The Austin Daily Herald from Austin, Minnesota on January 13, 1959 · Page 4
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The Austin Daily Herald from Austin, Minnesota · Page 4

Austin, Minnesota
Issue Date:
Tuesday, January 13, 1959
Page 4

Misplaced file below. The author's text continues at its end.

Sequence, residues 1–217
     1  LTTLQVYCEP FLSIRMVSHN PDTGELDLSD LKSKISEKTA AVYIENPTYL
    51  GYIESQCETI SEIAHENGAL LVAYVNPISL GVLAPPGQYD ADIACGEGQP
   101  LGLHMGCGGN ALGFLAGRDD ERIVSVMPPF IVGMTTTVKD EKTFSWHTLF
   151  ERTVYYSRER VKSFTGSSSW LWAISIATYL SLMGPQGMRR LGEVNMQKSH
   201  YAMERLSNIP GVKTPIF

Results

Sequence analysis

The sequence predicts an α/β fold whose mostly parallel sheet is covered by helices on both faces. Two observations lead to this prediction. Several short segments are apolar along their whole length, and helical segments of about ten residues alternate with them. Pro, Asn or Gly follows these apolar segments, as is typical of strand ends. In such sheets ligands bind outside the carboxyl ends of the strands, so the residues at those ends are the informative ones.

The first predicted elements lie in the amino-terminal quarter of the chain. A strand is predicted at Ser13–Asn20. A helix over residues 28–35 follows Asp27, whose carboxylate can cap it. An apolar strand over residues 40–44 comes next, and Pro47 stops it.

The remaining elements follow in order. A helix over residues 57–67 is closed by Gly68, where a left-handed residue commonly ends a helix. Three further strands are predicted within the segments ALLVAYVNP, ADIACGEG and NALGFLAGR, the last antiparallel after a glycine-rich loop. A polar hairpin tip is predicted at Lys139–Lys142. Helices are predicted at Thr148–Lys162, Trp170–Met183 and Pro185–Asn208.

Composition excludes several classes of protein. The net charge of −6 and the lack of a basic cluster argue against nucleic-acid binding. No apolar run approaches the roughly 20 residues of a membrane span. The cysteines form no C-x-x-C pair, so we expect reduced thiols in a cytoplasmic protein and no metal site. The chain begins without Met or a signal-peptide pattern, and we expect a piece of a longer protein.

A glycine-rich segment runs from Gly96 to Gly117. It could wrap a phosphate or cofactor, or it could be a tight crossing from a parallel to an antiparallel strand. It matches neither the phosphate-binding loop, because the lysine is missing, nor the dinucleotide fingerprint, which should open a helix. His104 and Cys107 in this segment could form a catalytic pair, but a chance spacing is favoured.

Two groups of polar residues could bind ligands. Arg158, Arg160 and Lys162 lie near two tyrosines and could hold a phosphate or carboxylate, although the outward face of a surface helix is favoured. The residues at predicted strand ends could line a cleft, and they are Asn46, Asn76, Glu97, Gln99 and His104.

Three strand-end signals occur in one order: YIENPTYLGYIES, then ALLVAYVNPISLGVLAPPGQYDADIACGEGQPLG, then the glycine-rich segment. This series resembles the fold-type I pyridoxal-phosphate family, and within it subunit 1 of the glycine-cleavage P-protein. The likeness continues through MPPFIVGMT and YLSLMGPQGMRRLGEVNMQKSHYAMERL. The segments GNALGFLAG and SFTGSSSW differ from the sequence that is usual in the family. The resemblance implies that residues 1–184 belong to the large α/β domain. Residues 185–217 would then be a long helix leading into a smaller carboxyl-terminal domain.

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H. » Rasmussen Editor and Publisher fartldine JUsmussen. BusineM Manager Entered ti tad claw matter at the poet office at AnUn, Mlnneiot*, under the act of March 3, 1879. Bigger, Fewer Stores "'-«* A Retail stores, like Corn farms, are get- YEAR I tin S b 'SS ef and fewer in Iowa, as in oth- * •••**•* ' er states. Reports revealed Monday by the Iowa State Tax Commission show there has been a nine per cent drop in 10 years in retail establishments forwarding sales tax money. Whereas more than 75,000 merchants filed sales tax returns in the three months ending Sept. 30. 1948, only 68,000 filed in the corresponding three months of 1958 The battle for the survival of the fittest The Herald has been for 67 years and that . tneir society is becoming more ex- still is a newspaper for Austin and com munity, fair and impartial to all, seeking always to promote the best interest of agriculture, labor and industry, cater, ing to no demagogues and showing favoritism to no group, firm or Member of (he Associated Press The Associated Press is entitled exclusiveTylo" the use for republicatlon of all the local news printed to this newspaper as well as all AP news dispatches. Verily I say unto you, this generation shall not pass away, till all be fulfilled.— Luke 21:32. No man saw the building of the New Jerusalem, the workmen crowded together, the unfinished walls and unpaved streets; no man heard the clink of trowel and pickaxe; it descended out of heaven from God.--John Seeley? Good Luck to CRS elusive. Opinions of Others THE LAO IN LANGUAGES In the recently published best-selling (and hard- hitting) book "The Ugly American," the authors make an emphatic point oi the fact that America's ambassadors and lesser foreign service personnel rarely speak the languages of the countries where they are on duty—especially in Asia. And they compare this unfavorably with the standard practice of the Soviet Union, which requires all its overseas personnel to learn the appropriate languages — even rare and difficult ones. This is one of the major handicaps from which the United States suffers in Its effort to combat Communist propaganda and infiltration in many parts of the world. It is not merely a matter of 4 AUSTIN (Mfnfl.) Tuei Jon. 13, 1959 POT POURRI A PEDESTRIAN is described a guy who know* there are *tili several gallons of gas in the tank when the gauge points to empty. A SERVICEMAN, S. E. Devereaux, stationed with the medical corps at Camp Pendleton, Calif., writes that he detected an error in an Associated Press story which appeared In his newspaper on Jan. 3. The story, on the recent Russian rocket, stated: "The radio said the temperature on the rocket's surface was IS to 20 degrees centigrade — 27 to 36 degrees Fahrenheit." The AP writer evidently made a mistake in converting centigrade to Fahrenheit. We checked and found Devereaux right. To convert centigrade to Fahrenheit "* Keepifig Up With the Joneses i __ _ .. —— P the policy in the foreign services of the two great powers. It also reflects their educational policies. . Thomas P. Whitney, surveyeing this problem for the Associated Press, pointed out ... November 20 that all pupils in Russian schools are (been ' heit. The AP man apparently multiplied by 9 and divided by 5, but forgot to add 32. Now, the only thing we need is a formula to adjust the wide differences in temperatures that occur in thermometers in the city on cold days. A DEVICE, called the Banshee, n , n ussan scoos are re- uur best wishes for success go to the quired to study a foreign language from the fifth —" \ -~ «-•*»•»*.*.«» gw fcw t-Jic Mower County Combined Rural Solicitations which kicked off their farm-to-farm drive Monday. Initiated by joint action of the Farm Bureau, Farmers Union and Grange, it represents the first attempt to hold a combined drive in the unincorporated areas of the county. Some 240 solicitors will participate, traveling farm-to-farm in each^township. The CRS invited organizations to solicit through the CRS, and the invitation was accepted by the Red Cross, Sister Kenny Foundation and Heart Fund. The impetus by the three farm groups to have one instead of several individual drives came through operation of the United f unds drive in Austin. We sincerely hope the CRS in its first venture reaches its $7,050 goal for initial success will make its operations easier in the future. to the tenth grade. American school systems typically require but two years, and only of those who plan to go to college. In the Soviet Union, consequently there are 12 million students enrolled in foreign language classes, while in America there are only 1.4 million, by the latest figures available. Russian students take German, English, or French in that order of popularity, and very few take anything else. The American curriculum emphasizes Spanish, which is not surprising, but includes French and Latin, with a little German but not much. The important difference lies in the numbers who study some foreign language, the number of years devoted to it, and the age at which most students begein. In each comparison, the American practice shows up to a disadvantage. There are some corrective forces at work, to be sure. Under the prodding of thet Federal government, there is some increase in emphasis on foreign language courses, some effort to improve the We wish them success because the ? Uai « y of , teaching ' and P firha P» * slight tendency idea is both sound and sensible A reduc- ?, u g " languagcs to lower a « e 8 rou P»- tion of drives to one solicitation has many ! ut T h f (ve a r ~" advantages in the city. But these advaT- ™ ll' "™ •— - . - ^ , .w_ H w«»*,i^v. Clvjt™ ages become even greater in the rural areas where homes are some distance apart. In fact, there have been some drives m rural areas where the expenditures by solicitors for gas for their cars, just about equaled the drive's goal. But we have a good long way to go, to give our oncoming citizens even the minimal foreign language equipment for the times in which they will be living.—CINCINNATI ENQUIRER OHV CHANGES HIS MIND Back at the beginning oi the last election cam- ign, Governor Orville L. Freeman appeared at Obviously, inconveniencT'will also be a meetln S in Hutchinson to kick off his drive for >4«««nJ3 £.. j 1 !- _ * _. . _ _- ***»»\y UW ^ *W1«,J *AMH_ TT« —11-. t « i. i • .. - . reduced for the people solicited since this will be the only drive in the rural areas this year. Time on His Side a third term. Following his address, the chief executive called for questions from the audience. Bob Stearns asked the governor how he felt it would be possible to continue his program without any increase in taxes in light of a report . . . that if the state would continue the same services _. — ---- — -— »VM'M wvjjv44iuc ««? aaiiiv services .Larry Vroman has had time on his side in the next bienium that are now being given it twice in the past two weeks, and he'll would cost the taxpayers an additional $72,000,000. never forget either case. "Nonsense!" snorted Freeman. He went on to m ,iT e i WaSO " h !f Sldefirstwhenthe Vro- sav that with our expanding economy it would man baby arrived at trie right time to win be P«»»>le to raise this additional revenue with A array of prizes for the First Austin existing taxes . . . AsSn Sunriit 59 ;, JUSt *"• PBSt W6€k ' h ° wever ' our tw "M y<«ng bundav > " m f was on his side, chief executive has announced that in order to tor horror , of becau » B a loc al u on state government at the same level as the current one, the state to raise an aadltional man was in St Olaf Hospiial for surgery Vroman is not one to dispute the old saying that "time is of the Sence'' Which prompts this observer to wonder who was attempting to fool whom a few short months ago. — BROWNTON BULLETIN Eisenhower's Indictment of Russia Largely Overlooked By DAVID LAWRENCE talks WASHINGTON - The most held sensational section of President lied i t Eisenhower's address to Congress old game seems not to have made the bigjacular headlines in many newspapers in this region. Yet the fact that he! said what he did, particularly while Anastas Mikoyan is in this country, can hardly be without S Take n, oo e be i sible governments, to help curb the 28 governments al- threatened aggression. The stabi- lie same lizing influence of this capacity a spect- ! has been dramatically demon- the world the grated more than once over the soviet government ; past year. yhich sounds an alarm when nuclear fall . out is detected, has just been introduced by a firm in Waltham, Mass. Plugged into a radio or television set, it will sound an alarm through the loud speaker when exposed to radioactive fallout in dangerous concentrations. The company hopes the device, which can be made to retail for about $5, will be used widely by American families. It also can act as a pathfinder to lead survivors of an atomic blast out of danger areas because the pitch increases with radioactivity and falls as radiation declines. SPEAKING OF radiation, a group of scientists has made a proposal which, if acted upon, could do much to substitute facts for speculation on its effect on the health of Americans. A committee of the National Academy of Sciences proposes there be a 20-year study of perhaps as many as two million persons In key points In the country. One thing disturbing the public Is that some scientists have expressed deep concern over present conditions of radiation, while others argue there is no danger. The study would cost as much as $1,500,000 a year which is a lot of money, but nothing to what is being spent on atom bombs. Not enough is known at present about the effects of radiation, and particularly the new factor radioactivity from bomb test and other nuclear activities. The sooner we learn how to'handle the atom, the better it will be for everyone. Mikoyan No Match for Labor Chiefs Who Tel I Him Off By VICTOR RIESEL (This It an exclusive report on the conversation between An•stag Mikoyan and • group of labor leader* last Tuesday.) The gentleman entering the lobby tipped his hat to the lady. That was no lady. That was my sister. That was no gentleman. That was Anastas Mikoyan. He let the elevator door slam In her face with- by Jim Carey, began with the Soviet Deputy Premier reminding the seven labor leaders that he started life as a trade unionist. There wag some polite conversation. Then Walter Reather and Jim Carey told Mikoyan bluntly (he Russians were way off beam in (heir anti • capitalist propaganda. Reuther said, in effect, "You'vo out passing on any exclusive state- j been using the same old capitalist ments for me. Then up to the top exploitation propaganda for 50 of the union building he went. More doors closed ~ on what became the roughest 2% hours Rus- realistic? sia's second • In - command has had since he shot down Hungarian children in Budapest streets. years. Why don't you change you.- textbooks? Why aren't you people "You talk about exploitation of our workers by large corporations | like General Motors. Well, here The inside story of that visit i we have the right to battle GM. last Tuesday must be told. It mig^tj And we do Your unions are noth- prove to the nation's capitalists i ing but production speedup units, that you've got to rough 'up ajWe buck GM. Our workers have Russian diplomat if you want 'his:an average income of some $5,000 respect. Smooth his red feathers j a year. We have old age pensions, and he'll recall privately that Ni- welfare, hospitalization and fine cola! Lenin once said that when "we Communists are ready to hang the capitalists, they'll try to outbid each other for the sale , of the hemp to us." i The Truth Will Out vacations. You're all wrong. Come off it." Mikoyan said, "Well, we may be wrong.' He Gets Look Jim Carey then told him how - Worker,, 'YOUR MONEY'S WORTH 1 Stock Boom Worldwide PEOPLE HAVE differed on what causes auto accidents — speed, inexperience in driving, mechanical failures, heavy traffic, poorly engineered highways, and many other factors. But the importance of one fac- .or — drinking — remains without dispute. The Minnesota safety Council provides this "fact sheet" on drinking and driving: A drinking driver was involved n at least 30 per cent of all fatal :raffic accidents in the U. S. during l957t Twenty . three per cent of the adult pedestrians killed during 1957 had been drinking. Special holiday studies by the National Safety Council showed hat 55 per cent of the Christmas season fatal traffic accidents in- a drinking driver. - eight cent of the B » .K ^° tlfic eidence tha the (1956 Labor Day week- fatal traffic accidents involved a drinking driver. accident cases, the considerable significance, gime and related scien - ' has been highly that a driver has been drinking is strides have been j ? ot rec °rded and is never entered esoec-iten am-opm*^ ,«„, w " '• * '" " 1C devel °Praent of ballis-; 1 " the driver's official record. tally to the me"n in"thV'KremlhJmated * consui "-, tlc "ii«Hes. Intermediate . range! In spite of pa^l and present ef- - if they really care to learn! PrB ' iH , r,- . 'missiles are now being deployed ;fort s to increase safety educa- what is actually blocking a Soviet- nf ™ ,,. E ' s ^ nhower realizes,'m operational units. The Atlas In-! 1 ' 0 " and traffic enforcement too American understanding today ^ „ f' ,. Ule United States | tercontinentaj . Ballistic - Missile ! man .y drinking drivers are still op- For the President's statement hih f • op "" on ' must ex ' '• P r °sram has been marked by ! Bating on our streets and high- was perhaps the strongest declara- i H ™ j j**7». *' llhn * ness to tal ^ i [ apld development as evidenced, wavs - tion about the Soviet Union made „„. therefore ' in his mes- by recent successful tests. Missile! The **lal drinkers are a great- by any president of the United i training units have been establish-;" me "ace than commonly believ- States since the close of World Most Strengthen Peace ed and launching sites are far'" 1 a ' the »r critical judgment is War II. Here are Eisenhower's " Yet - ^P by step, we must! "J* i n Con8truct i°n- New air- Impaired with a fairly low alco- exact words: ; strengthen the institutions of peace ; * fly twice the s P eed °* "We cannot build peace through ~ a P ea « that rests upon justice i so !|£ ai , e « nterin 8 our squadrons." concentration and they outnum- obviously intoxicated driv- u . desire alone. Moreover, we have ~ a P ea ce that depends upon a ! , si ^ njficance ol Ms military I e "' . . learned the bitter lesson that in-' dee P knowledge and clear under- T u S the use of those words I Dnn «' n g to any extent reduces ternational agreements, historical- : standin g ^.^ Copies, incuding * hlch indicate what is actually ; tn * abl % of any driver. ly considered by us as sacred our 0 *' n . °f the causes and pos- 1 operatlona l today - not what is j . = ma » amounts of alcohol reduce ' °" th " • By SYLVIA PORTER We are not alone in witnessing one of the most spectacular stock market upsurges in history. All over the world — from Amsterdam to Zurich, from Toronto to Tokyo — stock markets began surging upward in 1958. All over the world, middle-class families began buying stocks In increasing amounts last year. AH over the world, millions of small investors who had never be fore even considered buying a share of stock made their first purchases of stocks a few months ago Sensational Rise The rise in the New York stock market during the past 12 months has been sensational. Between Feb. 25, 1958, and Dec. 31, the Dow- Jones average of industrial stock prices soared 147 points, by far the biggest rise in one year ever recorded. As this is being written, the average is fairly close to the never-before-touched 600 mark. In 1958 the value of stocks listed on New York's "Big Board" alone skyrocketed $64 billion to a fantastic $260 billion. In the 12-month period almost 750 million shares of stock changed hands on the New York Stock Exchange, t h e highest turnover in more than a quarter-century. But, although by every yardstick Wall Street has enjoyed a remarkable prosperity, the rise in prices on the New York market actually ranks fifth among the advances chalked up by markets outside the United States. From 1958 bottom to 1958 top on Dec. 31, the increase in the Dow-Jones industrial stock average was a whopping 33 per cent, European Markets Up But, in Amsterdam the industrial stock average is up more than 45 per cent from the 1958 low. In West Germany the local industrial stock index is up almost 45 per cent. In Tokyo and in London the increases in domestic industrial stock prices come to around 37 per cent. In Toronto and Montreal the rises approximate 25 per cent. In Zurich and in Sydney the advances are around 13 per cent. About the only conspicuous nb- sentee from the list is Paris and, considering the crisis of de Gaulle In 1958, it would have been astounding if the Paris stock market had taken off on a spree. Act ually, the average decline around 10 per cent through the period — has been modest. Wall Street Sets Pace Wall Street is the leader, the pace-setter of the world's securities markets. When our stock markets were skyrocketing in 1953-55, so were the rest of the free world' markets. When our markets went into a tailspin in the summer ol 1957, the markets of the rest ol the free world cracked, too. And now, once more, the markets have been climbing together. And the type of buyers dominating our stock markets have been dominating the others. There is no doubt that a force of mounting power in our stock markets is the institutional investor — the giant pension fund, the big savings institution, the investment company. These have been absorbing tens of millions of dollars of shares every week, have been a primary factor in the meteoric price advance of many topnotch stock issues. And it has been here, so it has been abroad. A major chunk of the buying, particularly in the London stock market, has been traced to institutional investors, Middle-Income Buyer A second force of mounting power in our stock market is the middle-income individual — the person who buys small amounts of stock regularly via mutual funds, investment clubs, monthly investment plans. Also, as it has been here, so It IBS been abroad. For the first ;ime in history average middle- ncome families have been buying stocks in London, Tokyo, West Germany. As for the reasons behind the buying of stock, again, the parallels are clear. Even during the worst months of recession buyers of stocks here and elsewhere start buying here and elsewhere has been spurred by belief that stocks represent some hedge against inflation. Booms Feed on Themselves And, of course, the booms have fed on themselves. Nothing stimulates buying of stocks as much as a prolonged price rise. It would be folly to attempt to foretell the pattern of the world's stock markets during the rest of 1959. They have started off with a roar — but from levels so high that even the most optimistic are scared. Regardless of the future, though, the fact is that as of now, we are not seeing just a nationwide expansion of stock buying. We are part of a worldwide movement toward stock ownership by the , f ? akue t _ .. . r f "uunv middle classes. — (Distributed 1959 by The Hall Syndicate, Inc.) "Look around you at this trade union headquarters," Carey sairl. There are lots of them nearby In Washington. We aren't exactly bleeding in the streets, are we? Yet you continue to use the propaganda of big, fat-bellied capitalists with dollar signs on white tuxedo vests. We've come a long way in America." Mikoyan replied that he was delighted to see that labor's Influence was growing In the U.S "But why Is there no labor party here?" he asked. Mikoyan's gray face went snow- f.H. ««* 0.1. nt. wr. C 1MI bi HI* EorHi, lit* "My husband saved $10 by fixing our antenna himself, and I can't decide what to spend it fori" My Answer By BILLY GRAHAM QUESTION - I recently did a very foolish thing for which I am genuinely sorry because my testimony as a Christian has been Ined to anticipate the imminent re lJured. A highway patrolman start- covery and comeback in corporation profits. For many months Cinema Aofor Answer to Previous Puzzle" are regarded to Communist doc «°le consequences of failure in toe and in practice to be mere ** great purpose." °", the ' boar «' °' * the: V6ry dayi se » • control and driv- . sen ses « s h»v proof of their dis<fcin of interna- \ forth the only guarantee of peace £ ^f»7 d «'"rent power tional obligations, solemnly under-j toda y — armed strength. He says: cause the taken, is, their announced inten-i "To achieve this peace, we see 1 -- O f tion to abandon their responsibili- to Prevent war at any place and wa ties respecting Berlin. (in any dimension. If, despite our < !*B Confidence to Treaty i best efforts, a local dispute should O n M Aj 8 consequence, we can flare ""o armed hostilites, the have no confidence in any treaty next problem would be to keep to which Communists are a party j & e conflict from spreading and * wher* web a treaty pro-! 80 compromising freedom. In sup- Wi&injtself for self-enforc-' P° rt of these objectives we main*"«ns. Indeed, the' taia forces of great power and disregard of t h e : flexibility. n « te «"<«* ° ,-— ****** **+ £f4«twiiAvc vu uc me* c! *' ^*" f"*-*-- ' Y _ ,. ,, •• —vi Al/»/\KrJ ;« * - . scrap, of paper. The most recent!. Thereupon the President sets '£ A^X^*.??. is cSSii' ^•Tu'SpS anv "g f ° ° f reime> t " \l x u * "» Kremlin. placed P ^ ldl ° UJ real chan « for W u hole picture may * ecomic * sant. Loss of judgment and the capacity for self - criticism occurs before obvious symptoms of intoxication. It takes at least three hours to oxidize (eliminate) one ounce of pure alcohol (about 2 cocktails) Two cocktails (about 0.04 per cent of alcohol m the blood) may 'reduce visual acuitv as m,,^ as 8 This is used in his profession 12 Assam silkworm 13 Pedal digit 14 Rool edge , 10 Cry of bacchanals U Slender 19 Direction 21 Three times (comb, form) 24 Lath the 'Under the the . . . ----- ° gen- government era! war. Large and growing por- whose word tions of these units can depart "The 5K™ ."!*l*?». ** b^s in , mteP c , ,.,„ ss^rrs! 1 "^" 3 * 21 ?^^'.'^ vnjy wnen a free son nas i ost (tp an • . * ,. ' — - ~ i -=- —— «*•».** WH9CO UJ a 3S=5=fiasi3risr£rjas:aL The principle is as today as when President possess. ncent year$. (to-top of it has just em* nevertheless a grandiose proposal from Moscow that "peace with move m essage of April 1917. - (Copy' • r * C! ' when i ri ^- »'**• New York Herald Tri- rouesd f - • requested by friendly and respon- ; birne, Inc.) You do not have to be obviously intoxicated to be -Under the'in- fluence" and au unsafe driver Pure alcohol leaves no odor' on the breath - it is the flavors in the beverage that cause the odor ACROSS 65 Written form J Cinema actor, „ of Mistress - Richards 66 Promontory 5 He performs DOWN on • movie j Jo k e ' 2Iroquoian Indian 3 Elegant 4 Abstains from food 9 Beginners 6 Eternity 15 Transgressions ] J aut 16 Cape in » Statement* Massachusetts 9N °bl*man J7 Malaysian canoe 18 Seesaw 20 Pilfered 22 Perched 23 Make* mistake 24 Mineral spring 2 7 Body of water 29 Entries in ledgers 33 Pendent 34 Journey 38 Greek portico 37 Fish sauce 39 Blow with, open hand 41 Table scrap 42 Playing card 44 Female Mini (ab.) 45 Born 46 Cartograph 48 Little flap 50 Marks 53 Click-beetle 57 Musical quality 98 Swiss rivtr 60 Story 61 Solar disk «2 Fl»x (dial.) 63 Leave out 25 Miss Negri 26 Mimicker 28 Is sick 30 Famous British .school 31 Greater quantity 32 Glut 35 Exemplars 38 Annotation 40 Ring, as of a bell 43 Light knock 47 Sacred song 49 Musician's wand 50 Diminutive of Stanley 51 Carry (coll.) 52 Afresh 54 Domesticated 55 Ancient Greek city St 5 Injures by exposure 59 Atmosphere 3 Minutes By JAMES KELLER MISSING 30 MILLION "More than 76 million eligible citizens will have the privilege of! Unions diplomats to agree "on casting their secret ballots today j pious phrases while in America, .in this crucial period of Am-' But (lie Russians never anuly it .n« i.: n l__.. ii fwii « : ,. ... ' " •* when Carey chortled, Why is there no capitalist parlv in Russia?" It was Joe Beirne's turn. The leader of the Communications Workers told Mikoyan that American labor was behind U. S. foreign policy in such emergencies as Berlin. He wanted the visiting Russian to know that the U.S.S.R. couldn't divide America's forces simply by attacking Secretary of State Dulles or President Eisenhower. True, many times labor did not agree with the Administration. "But," said Joe Beirne, "we in America have the machinery to try and change policies and presidents. Where is it in Russia?" Glazed Politeness Somewhere along in there Miko| yan, with a glazed politeness, said j that there are no political prisoners in Russia. That anyone can speak up, There are no slave camps. The people are not prosecuted. The American labor leaders could come and see for Iheni- slaves. The reply came from the Letter Carriers' Bill Doheiiy. Could he see Siberia, too? Mikoyan grimly said, "Yes." Reuther and Carey then hit Mikoyan on all the "crisis bargaining" the Russians love to see. Reuther warned of the capacity of both countries to destroy the world with the new technological warfare. Both nations should be engaged in a common war against hunger, disease and illiteracy. Mikoyan then said swiftly that the Soviets want no war, which is an immoral way of settling differences. Reuther retorted, "It is easy for the Soviet Art * *•* r , [ — —*••«• f*.* *w^ vii mi>- ***** »ni. Aiuaamiib iiuvt ed to stop me for a minor traffic i erican history." This announce-1 throughout the world violation and on a sudden Im- • ment was made last November caught me and I now face prosecution for reckless driving because both his car and mine were damaged In the chase. Name Withheld. ANSWER - You have several reasons for being sorry. You broke the law and you resisted an officer. As a Christian you also offended our Lord by your action. The right thing to do is to make a frank confession. Say that you know you were wrong and that I is) in the lobby. He was eager to some capitalists who, he : e r, "really understood you deserve yourself on punishment. Throw mercy of the pany. A few days later the unofficial j head" for count disclosed that only 46 million i sa jd j a voters bad actually turned up at • n i m • the polls. No reference was made! „. . to the 30 million who failed to ex-1 ( ^tnbuted 1959 by The Hall ercise the preogative that distin-j Syndlcate ' lnCl) guishes the free man from those in bondage. These people probably had reasons — good, bad or indifferent —for voluntarily withholding their votes. SUBSCRIPTION UATES Single Copy |at Newsdealer* and Street sales) $ ,ov HOME DELIVERY IN AUSTIN the mercy of court and it is to be hoped that i tnese 30 million had been forceably your genuine regret for having done;' sapped from going to the polls, what you did will be taken in-; ^V °' us can easily overlook to consideration. &« responsibilities that God ex- i Single Copy (other than regu- _ , , • lar weekly Subscribers) ...... * .10 out you can imagine the bowlder Week, Carrier Dtlivery ....$ *o that would go up if even one " BY MAIL— ZONE 1 Delivery In posiotllce within ra of AUiUU — 50 Be very sure that your remorse is because of what you did and not because you got caught. There is a vast difference between being sorry for sin and being sorry that you got caught. Finally, let me urge you to make this a matter of prayer. Although you rightly feel, ™, . _ , , that your Christian testimony hasL . ,' ° Loving Father ' fo ' pects to be fulfilled when He en- i trusts to us the blessing of free-j dom. Remind one and all that the! very survival of self-government depends on self-participation. „„ s ,, "Where the spirit of the Lord is, r hrt ' e Moutl is-i'--.!!!!.!!!!!' 3.50 there is liberty." (2 Corinthians^ One Year MAIL-ZONK 2 Delivery in pootoIMee ouuticlc ISO miles—Payable in advance Per Week 3:17) been harmed, God is still able to the P riceless Privilege of freedom, use your genuine regret P'id your present attitude to glorify His name. RUSSIAN RELIGION ANN ARBOR, Mich. (J) - Back from leading a student tour to Russia, Mrs. DeWitt Baldwin, wife of the University of Michigans co-ordinator of religious affairs, says there is a growing recognition among young Russian intellectuals that religion "may be a living thing with something to say even to them." POLLUTION CONTROL DBS MOINES (Ifi — Gov. Herschel Loveless Sunday urged that stream pollution control be based on federal activity rather 'than programs of individual states. MAIL-ALL OTHER ZONES A 'S . p °"°" l «, ?«r iso mm i Austin —pay A ble in ud van c Six Months"''''' * NQTir-Zone 1 rate will a p. ply for subscription service going to service personnel in U. $, and Armed force* in all areas of United States and areas served thru A.P O and N.P.O. Circulation Depl. Dial HE 3-8865 For irregularities in service please call the above number between 5:30 p.m.-6:30 p.m. Extra delivery service will be made if necessary